I hadn’t thought it would be quite as well…choreographed? Can you say that about a fountain? At any rate, it was well-done. It went on for about 15 minutes and covered a lot of ground (not literally, don’t worry; it’s not the splash zone at Sea World). There was some Vivaldi, Van Halen, and even the current hit Budapest by George Ezra. It was a little tongue-in-cheek, but I can more than appreciate a good, corny joke.

The view from Tram 2
The view from Tram 2

After that, I was off to take one of the most beautiful tram rides in Europe; the Tram 2 line. This vintage yellow car is a staple of Budapest photography, and thus, souvenirs. It takes you along the Danube and through the courtyard of the Parliament building all the way into the downtown where you continuously get gorgeous river views and panoramas of the castle and the rolling hills of the Buda side. It was most certainly worth the fare. And, at the end of it you get to where you want to go so it is also equally efficient. For me, that the was Central Market Hall. Here you can find everything you might ever need. From souvenirs to chicken papriakash; you need it, they’ve got it.

The Great Market Hall
The Great Market Hall

After walking the aisles for an hour or so, I had pretty much grasped the general idea so I started to head back to the hostel. Although my Australian friends from Vienna had left earlier that day, I was hoping to maybe find some of the other cohorts hanging out in the bar so I went back to their hostel in search for people. Spending so much time by yourself can get a little lonely. Unfortunately they were gone. But fortunately, their hostel is by this amazing sandwich place that everyone raves about called Bors. Having not yet given it a try,  I figured now was my chance! Let me tell ya, it was everything everyone talked about and more! And super cheap! Another must in Budapest, hands down. I mean, the whole sandwich cost me the equivalent of $5, so you can’t claim expense as a reason not to go. I could continue to swoon about my heavenly baguette, but I’ll save you the stomach growls.

The cutest Australian couple ever, Shane and Rhi.
Me and the cutest Australian couple ever, Shane and Rhi.

Having no luck in locating my friends, I went back to my hostel to possibly locate some other acquaintances. Particularly, Shane and Rhi, another couple from (you guessed it!) Australia. But unfortunately they weren’t home either. While I thought about what to do next, I was looking over my original plans to see if there was anything I missed. There was. The Szechenyi Baths.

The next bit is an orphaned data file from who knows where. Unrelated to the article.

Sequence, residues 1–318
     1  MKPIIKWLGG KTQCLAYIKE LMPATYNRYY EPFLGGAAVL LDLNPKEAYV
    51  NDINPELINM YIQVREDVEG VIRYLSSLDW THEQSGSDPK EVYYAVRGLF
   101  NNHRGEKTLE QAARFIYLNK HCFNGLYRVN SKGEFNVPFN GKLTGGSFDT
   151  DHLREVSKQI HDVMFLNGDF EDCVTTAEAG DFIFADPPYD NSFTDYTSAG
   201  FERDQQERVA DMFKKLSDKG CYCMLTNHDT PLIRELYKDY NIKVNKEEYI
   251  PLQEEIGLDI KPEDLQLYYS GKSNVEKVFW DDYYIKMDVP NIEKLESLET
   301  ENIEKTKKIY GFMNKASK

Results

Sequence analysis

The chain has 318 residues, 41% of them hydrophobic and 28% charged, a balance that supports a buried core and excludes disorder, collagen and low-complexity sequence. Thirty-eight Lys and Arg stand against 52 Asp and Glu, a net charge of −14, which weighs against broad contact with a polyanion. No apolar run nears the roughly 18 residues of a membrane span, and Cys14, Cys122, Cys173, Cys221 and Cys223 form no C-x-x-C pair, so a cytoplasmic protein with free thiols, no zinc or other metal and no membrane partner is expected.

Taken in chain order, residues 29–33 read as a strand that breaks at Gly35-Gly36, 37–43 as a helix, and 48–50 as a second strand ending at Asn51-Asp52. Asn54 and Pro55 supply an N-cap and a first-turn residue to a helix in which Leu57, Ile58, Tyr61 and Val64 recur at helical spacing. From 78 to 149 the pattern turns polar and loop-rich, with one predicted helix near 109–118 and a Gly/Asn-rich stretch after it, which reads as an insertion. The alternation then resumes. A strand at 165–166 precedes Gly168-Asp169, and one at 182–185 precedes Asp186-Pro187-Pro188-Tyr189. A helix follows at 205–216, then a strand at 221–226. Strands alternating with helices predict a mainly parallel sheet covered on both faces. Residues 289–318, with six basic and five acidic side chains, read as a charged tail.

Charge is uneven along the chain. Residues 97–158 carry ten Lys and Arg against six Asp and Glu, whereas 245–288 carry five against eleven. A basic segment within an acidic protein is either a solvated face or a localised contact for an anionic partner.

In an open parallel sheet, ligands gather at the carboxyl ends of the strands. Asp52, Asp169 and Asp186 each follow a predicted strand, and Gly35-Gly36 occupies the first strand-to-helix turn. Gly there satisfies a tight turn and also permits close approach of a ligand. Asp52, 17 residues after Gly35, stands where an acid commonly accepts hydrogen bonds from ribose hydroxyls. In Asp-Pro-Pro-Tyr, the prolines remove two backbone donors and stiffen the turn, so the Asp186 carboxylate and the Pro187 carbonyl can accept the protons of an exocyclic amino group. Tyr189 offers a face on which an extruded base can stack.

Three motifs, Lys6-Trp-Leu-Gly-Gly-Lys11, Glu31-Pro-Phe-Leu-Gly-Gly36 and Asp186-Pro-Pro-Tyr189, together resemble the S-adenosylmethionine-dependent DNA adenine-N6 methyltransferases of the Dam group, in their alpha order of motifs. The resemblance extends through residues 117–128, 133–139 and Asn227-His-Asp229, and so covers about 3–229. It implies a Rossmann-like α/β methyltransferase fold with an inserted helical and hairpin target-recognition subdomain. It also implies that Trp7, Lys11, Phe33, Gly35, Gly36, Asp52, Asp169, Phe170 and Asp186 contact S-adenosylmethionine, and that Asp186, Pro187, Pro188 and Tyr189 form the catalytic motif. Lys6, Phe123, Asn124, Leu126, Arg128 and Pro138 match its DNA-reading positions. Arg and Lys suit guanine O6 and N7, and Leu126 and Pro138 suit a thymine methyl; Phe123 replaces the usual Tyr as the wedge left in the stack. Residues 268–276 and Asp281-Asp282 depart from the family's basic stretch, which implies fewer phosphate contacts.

The Szchenyi Baths are the largest spa pools in Budapest and one of the largest in Europe. They are one of the principal Hungarian activities and one of the most popular tourist attractions in Budapest. You can see now why I had to go. But two important factors were standing in my way. Number one: I had no one to go with. Number two: I didn’t have anyone to go with because the whole hostel was going to go to the baths that same night for a “sparty“. So, I was faced with a choice. Go by myself to the baths during the day. Or, go to the party with the whole hostel. Having had enough of being by myself, I opted for the sparty, and spending the last of my Hungarian forints.

Before leaving the states, I had heard of these sparties, but had almost convinced myself that I wouldn’t want to go due to all the alcohol and bodily fluids that one would most certainly be swimming in. But, in this case, I had to make an exception because it was my only way to go to the baths, and actually enjoy myself. Hopefully. I was a little nervous, since all of what I had heard seemed terrible, but I kept an open mind; and surprisingly had a really great time.

Eventually Shane and Rhi returned from their day out, and even though I couldn’t convince them the come to the sparty, I did convince them to come with us to the bar beforehand. Before we got to the baths, we stopped at another festival going on in the Hero’s Square area where the baths are located. This was supposedly also where the bar was located, but apparently because of the fish and wine festival currently happening, the bar was inaccessible. No matter. They just turned all us party-goers loose on the festival grounds. There were rides, mini bars, and humongous tents of food. This was also where I tried the Hungarian spirit Pálinka for the first time. While Rhi absolutely hated it, Shane and I decided it was cheap enough to be worth another round.

Basically what the party was like, according to Google.
Basically what the party was like, according to Google.

After getting pretty in tune with the Hungarian liquors, it was time to head to the sparty. All I can say is that I wish I had photos because that was a sight to behold. If you have ever wondered what it might be like to get a bunch of drunken idiots together in a pool, with more drinks, go to a sparty. It’s uninterrupted chaos. But if you can imagine the aforementioned scenario, you wouldn’t expect anything else.

It was a late night and an early morning for me, having to catch my bus to Prague at 7 am, but it was certainly worth the experience. Even though the hostel staff, and Shane, tried to convince me that I would be extending my stay in Budapest, some miraculous force got my lazy butt up at 5:30 am and got me on the bus to Prague. And what happened there, you will have to wait to find out!